In this episode, we are going to discuss the developmental process of the brain, focusing on how our unique experiences shape the development of the brain. 

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Our brain is shaped by our experiences 

  • Our brains develop in an experience-dependent way. 
  • We need various interactions and experiences for the development of our brains. You would not be the same person you are today without the experiences you’ve encountered. 
  • Small shifts but large impacts
  • “How did I see this situation this way but they looked at it this way?”
  • The past shapes the present and our predictions for the future. 
  • “What am I expecting from others?” This happens subconsciously.

Our personality traits

  • Those key personality traits are how we describe neurodevelopment. However, we want to go below the surface level to really analyze the functions of the brain. 
  • This helps us understand our personality traits and how and why they show up in everyday life.
  • We view personality traits as an adaptational strategy- we don’t do anything without very good reason.


  • Dr. Dan Siegel – Mindsight
  • The Hand Model- a conceptualization tool for the brain with the use of your hand. 
    • Forearm and wrist: brain stem down to spinal cord
    • Thumb: reptilian brain- responsible for sending out quick signals for our survival (fight/flight/freeze)
    • Folded over fingers: neo cortex- with lobes on each side. 
  • Every aspect of our bodies is connected to our brain. Our brain is not just the organ in our skull but it continues throughout our spinal cord and thus is connected to the rest of our body. 
  • This is a vital and intricate process and is unique for every individual. 
  • As mentioned earlier, we are evolutionary creatures and so we evolve over time.

The Clay Analogy

  • Our hands touch the clay while making pottery in a continuous motion. It must be shaped gently with support to be changed over time.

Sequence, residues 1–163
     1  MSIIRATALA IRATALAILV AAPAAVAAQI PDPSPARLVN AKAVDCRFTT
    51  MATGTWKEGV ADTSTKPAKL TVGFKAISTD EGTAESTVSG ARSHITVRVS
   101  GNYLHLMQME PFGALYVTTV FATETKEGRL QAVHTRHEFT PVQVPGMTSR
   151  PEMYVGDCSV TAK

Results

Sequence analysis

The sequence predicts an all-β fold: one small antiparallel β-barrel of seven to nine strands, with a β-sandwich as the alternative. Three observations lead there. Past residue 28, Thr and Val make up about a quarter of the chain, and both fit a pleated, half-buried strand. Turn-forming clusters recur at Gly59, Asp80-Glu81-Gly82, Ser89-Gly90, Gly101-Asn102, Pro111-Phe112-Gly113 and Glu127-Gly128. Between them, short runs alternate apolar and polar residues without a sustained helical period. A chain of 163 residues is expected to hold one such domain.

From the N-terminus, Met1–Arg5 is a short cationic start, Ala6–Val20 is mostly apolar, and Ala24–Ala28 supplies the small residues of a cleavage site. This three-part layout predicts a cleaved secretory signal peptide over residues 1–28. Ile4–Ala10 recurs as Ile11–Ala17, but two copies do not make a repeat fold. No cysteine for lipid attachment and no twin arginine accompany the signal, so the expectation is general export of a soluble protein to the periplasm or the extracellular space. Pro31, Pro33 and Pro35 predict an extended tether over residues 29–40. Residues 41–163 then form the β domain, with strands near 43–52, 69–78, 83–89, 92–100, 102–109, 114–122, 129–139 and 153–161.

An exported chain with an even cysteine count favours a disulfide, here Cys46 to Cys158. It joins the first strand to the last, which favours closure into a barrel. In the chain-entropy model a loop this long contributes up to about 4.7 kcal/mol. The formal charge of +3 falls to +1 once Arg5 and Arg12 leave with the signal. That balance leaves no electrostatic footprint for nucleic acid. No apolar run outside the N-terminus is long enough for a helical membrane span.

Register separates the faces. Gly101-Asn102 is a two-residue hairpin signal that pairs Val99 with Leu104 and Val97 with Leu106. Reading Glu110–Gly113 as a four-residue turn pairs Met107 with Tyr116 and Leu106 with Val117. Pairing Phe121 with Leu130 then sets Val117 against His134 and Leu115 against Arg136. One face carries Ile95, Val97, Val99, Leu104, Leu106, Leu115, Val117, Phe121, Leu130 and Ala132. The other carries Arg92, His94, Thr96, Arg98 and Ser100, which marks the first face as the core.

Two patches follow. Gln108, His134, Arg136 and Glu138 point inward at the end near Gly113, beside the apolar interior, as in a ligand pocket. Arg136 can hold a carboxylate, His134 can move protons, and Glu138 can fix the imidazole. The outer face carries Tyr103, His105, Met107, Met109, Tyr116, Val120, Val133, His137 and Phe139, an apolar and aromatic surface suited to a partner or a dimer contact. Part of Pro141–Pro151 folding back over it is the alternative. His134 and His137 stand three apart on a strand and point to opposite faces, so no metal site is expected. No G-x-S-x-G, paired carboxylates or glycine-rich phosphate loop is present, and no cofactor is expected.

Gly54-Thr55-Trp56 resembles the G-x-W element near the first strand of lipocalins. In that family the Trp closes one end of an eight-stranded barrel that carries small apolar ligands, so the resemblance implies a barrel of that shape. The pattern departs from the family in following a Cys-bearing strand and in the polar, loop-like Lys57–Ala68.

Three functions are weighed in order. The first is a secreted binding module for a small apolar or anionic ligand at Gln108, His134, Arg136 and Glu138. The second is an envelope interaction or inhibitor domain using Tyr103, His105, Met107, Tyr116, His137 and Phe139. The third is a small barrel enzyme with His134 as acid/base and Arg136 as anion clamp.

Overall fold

• Sensitive stages of growth is when the clay is spinning- it can be changed with more ease.
  • Non-sensitive stages of growth occurs when the clay is not spinning and you almost have to massage it to get it to change form. It would take a lot more effort to progress with any sort of change. 
  • However, when too much change in asserted, the clay can begin to wobble and fall apart. 

Definition of Trauma 

  • When something happens that is too much too soon, too much for too long or too little for too long.
  • 3 Comparisons:
    • Too much too soon- when potters wheel is spinning and someone karate chopped the clay. Way too much impact and will destroy the base structure. 
    • Too much for too long- someone just decided to slowly push their hand through the middle of the clay. It would shape it in one direction and it would soon fly off the wheel. 
    • Too little for too long- spinning clay for too long without out any water or too much water, it’ll begin to dry out or become to watery. 
  • This demonstrates the impact of trauma we’ve experienced through our childhood. 
  • Look at the small things if no big things stand out.  

The way we show up in the world goes beyond our power of choice: 

  • “I should’ve chosen to not _______.”
  • It’s much deeper than the power of choice.
  •  “You’re gonna “should” all over yourself.”
    • Movement when you think you should’ve done something different will begin to affect you over time. 
    • They result in shame narratives, “I just don’t know what’s good for me.” 
    •  “I should’ve chosen differently.”

Future Terms:

  • 3 Parts of the Brain- Triune Brain 
  • Reptilian Brain 
  • Mammalian Brain
  • Rational Brain
  • Right hemisphere 
  • Left hemisphere